Saturday was the 56th anniversary of the My Lai massacre. The name is synonymous with war crime, atrocity and the absolute worst of America’s actions during the Vietnam War.

On March 16, 1968, members of Charlie Company slaughtered more than 500 unarmed Vietnamese civilians – largely women, children and old men. They raped women. They burned homes. The massacre happened because of a combination of bad leadership, bad intelligence, racism and dehumanization. Bad leadership: The military is a top-down institution, and the officers at My Lai not only failed to rein in their men but took part in the crimes. Bad intelligence: Charlie Company had been told that the village was going to be full of heavily armed Viet Cong soldiers; they went in expecting mortal danger around every corner. And racism: In interviews with soldiers from that time period, they rarely use the word “Vietnamese.” They refer to the people of Vietnam with slurs, which served to make them seem less human than the American GIs.

It’s important to learn about the killing and what led those soldiers to act like they did; it is vital in preventing such horrors from being repeated. I also think it’s important to look at how the massacre was stopped and what happened to the man who stopped it.

Warrant Officer Hugh Thompson Jr. was a helicopter pilot who had been assigned to provide air support to Charlie Company that day. While flying over My Lai, he witnessed the killing. He then landed between a group of soldiers and a group of fleeing civilians who he judged to be in imminent danger. He then told his gunner to fire on the Americans if they fired on the civilians or himself while he was evacuating them.

It’s hard to explain exactly how taboo that order was; pointing your weapon at another American is pretty much the worst thing you can do in the military. But Officer Thompson got those civilians to safety. His crew chief, who was killed in action three weeks later, spotted a living toddler in a ditch full of corpses and retrieved the child. The only American casualty at My Lai that day was a private who shot himself in the foot so he wouldn’t have to participate in the massacre.

It took a while for the facts to be made public because the Army tried to cover up the massacre. But when the news broke, almost nobody thought Thompson was a hero. After My Lai, he was deployed on several dangerous missions without standard backup, which gave him the impression that the Army was trying to get rid of him. At the hearings in which he testified, a congressman said Thompson was the only person at My Lai that day who should be punished.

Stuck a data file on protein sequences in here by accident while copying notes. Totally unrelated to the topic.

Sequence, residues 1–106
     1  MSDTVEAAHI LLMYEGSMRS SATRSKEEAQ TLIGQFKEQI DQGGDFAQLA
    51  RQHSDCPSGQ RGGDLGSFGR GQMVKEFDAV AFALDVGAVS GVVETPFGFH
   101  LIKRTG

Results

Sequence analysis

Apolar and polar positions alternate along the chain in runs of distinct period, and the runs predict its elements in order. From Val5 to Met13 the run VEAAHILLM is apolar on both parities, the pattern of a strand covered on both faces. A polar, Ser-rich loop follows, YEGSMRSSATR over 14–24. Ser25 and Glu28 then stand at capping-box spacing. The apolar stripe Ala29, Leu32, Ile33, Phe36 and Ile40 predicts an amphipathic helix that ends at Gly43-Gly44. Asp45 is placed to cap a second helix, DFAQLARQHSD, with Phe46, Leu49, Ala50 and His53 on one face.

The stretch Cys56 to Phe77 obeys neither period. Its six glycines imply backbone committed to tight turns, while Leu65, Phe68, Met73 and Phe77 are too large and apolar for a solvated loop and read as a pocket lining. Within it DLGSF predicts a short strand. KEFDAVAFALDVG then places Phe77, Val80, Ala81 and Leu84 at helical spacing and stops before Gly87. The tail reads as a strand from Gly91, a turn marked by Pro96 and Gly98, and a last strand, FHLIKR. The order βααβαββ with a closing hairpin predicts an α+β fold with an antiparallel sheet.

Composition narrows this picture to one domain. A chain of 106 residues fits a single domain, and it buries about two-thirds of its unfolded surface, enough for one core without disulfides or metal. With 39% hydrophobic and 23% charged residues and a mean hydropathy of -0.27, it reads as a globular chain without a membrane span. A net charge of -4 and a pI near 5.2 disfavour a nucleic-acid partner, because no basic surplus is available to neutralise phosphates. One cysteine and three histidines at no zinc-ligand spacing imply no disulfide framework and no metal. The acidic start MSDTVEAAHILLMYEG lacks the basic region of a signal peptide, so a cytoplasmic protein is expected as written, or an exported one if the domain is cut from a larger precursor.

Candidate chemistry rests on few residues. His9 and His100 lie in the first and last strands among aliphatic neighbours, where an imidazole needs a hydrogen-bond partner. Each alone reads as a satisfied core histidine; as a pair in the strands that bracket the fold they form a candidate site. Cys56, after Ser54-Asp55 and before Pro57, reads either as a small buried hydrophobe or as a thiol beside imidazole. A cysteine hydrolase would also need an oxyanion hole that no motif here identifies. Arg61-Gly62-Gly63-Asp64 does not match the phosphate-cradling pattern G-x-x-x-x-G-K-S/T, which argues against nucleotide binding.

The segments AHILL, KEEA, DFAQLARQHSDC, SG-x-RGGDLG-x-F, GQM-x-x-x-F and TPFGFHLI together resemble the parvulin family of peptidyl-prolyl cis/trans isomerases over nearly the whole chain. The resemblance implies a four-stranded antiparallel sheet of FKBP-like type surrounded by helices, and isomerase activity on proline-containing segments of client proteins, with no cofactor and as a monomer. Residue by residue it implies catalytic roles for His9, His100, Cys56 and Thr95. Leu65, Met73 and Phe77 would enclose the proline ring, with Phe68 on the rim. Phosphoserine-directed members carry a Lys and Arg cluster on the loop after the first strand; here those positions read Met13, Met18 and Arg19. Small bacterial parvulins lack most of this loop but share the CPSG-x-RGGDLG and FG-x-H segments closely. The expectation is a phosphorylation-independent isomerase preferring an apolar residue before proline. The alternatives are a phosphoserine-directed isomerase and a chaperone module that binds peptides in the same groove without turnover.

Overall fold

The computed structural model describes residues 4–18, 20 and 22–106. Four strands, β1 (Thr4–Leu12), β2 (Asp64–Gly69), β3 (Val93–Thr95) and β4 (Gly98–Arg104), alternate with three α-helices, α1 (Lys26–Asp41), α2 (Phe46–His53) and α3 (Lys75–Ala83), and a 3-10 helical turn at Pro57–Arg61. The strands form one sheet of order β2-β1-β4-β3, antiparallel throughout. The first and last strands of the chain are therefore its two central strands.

I’ve been thinking about Hugh Thompson Jr. as I look at the news from Gaza, where thousands of Palestinian civilians have been killed by American-made bombs and weaponry, and where thousands more are at risk of dying of starvation and disease because of an imposed Israeli blockade of all basic aid supplies.

Roughly half the population of Gaza is under the age of 18. The justifications I see for the suffering inflicted on a largely civilian population mirror the excuses made back in 1968 in Vietnam. The excuse that Palestinians are Hamas sympathizers sounds quite a bit like the excuse that the Vietnamese were Viet Cong sympathizers. That didn’t make the murders in My Lai morally acceptable.

The suggestion that Gaza must be bombed because Hamas uses its civilian population as human shields rhymes with the suggestion of 50-odd years ago that the Viet Cong used children as human shields or would strap explosives to them. Thompson, in a speech to the U.S. Naval Academy years later, said, “I’ve heard people that didn’t know the facts, didn’t know what happened or refused to believe it say, ‘Well, don’t you know they’d take a hand grenade and strap it to a little kid and send it into a group of soldiers?’ Yeah, I’ve heard that. I haven’t seen it, but I don’t deny that it happened. But my answer to stop something like that from happening is not to kill every 3-year-old in the country.”

I know there are many terrible things happening around the world right now. What sticks in my craw about the horrors in Gaza is that they are being perpetrated by one of our most steadfast American allies, with American weapons and American support, and that the Palestinian civilians are trapped because Israel has routes in and out locked down.

The current actions of the Israeli government are not, I believe, going to help Israeli or American national security in the long run. Tim O’Brien, novelist and Vietnam veteran, once said: “A bullet can kill the enemy, but a bullet can also produce an enemy, depending on whom that bullet strikes.”

The injustice in Gaza is likely to create more radicalized potential terrorists than it kills. It’s not a popular position right now to stick up for the Palestinians or call for a cease-fire. Hugh Thompson’s actions weren’t popular at the time, either.

Victoria Hugo-Vidal is a Maine millennial. She can be contacted at:
Twitter: @mainemillennial

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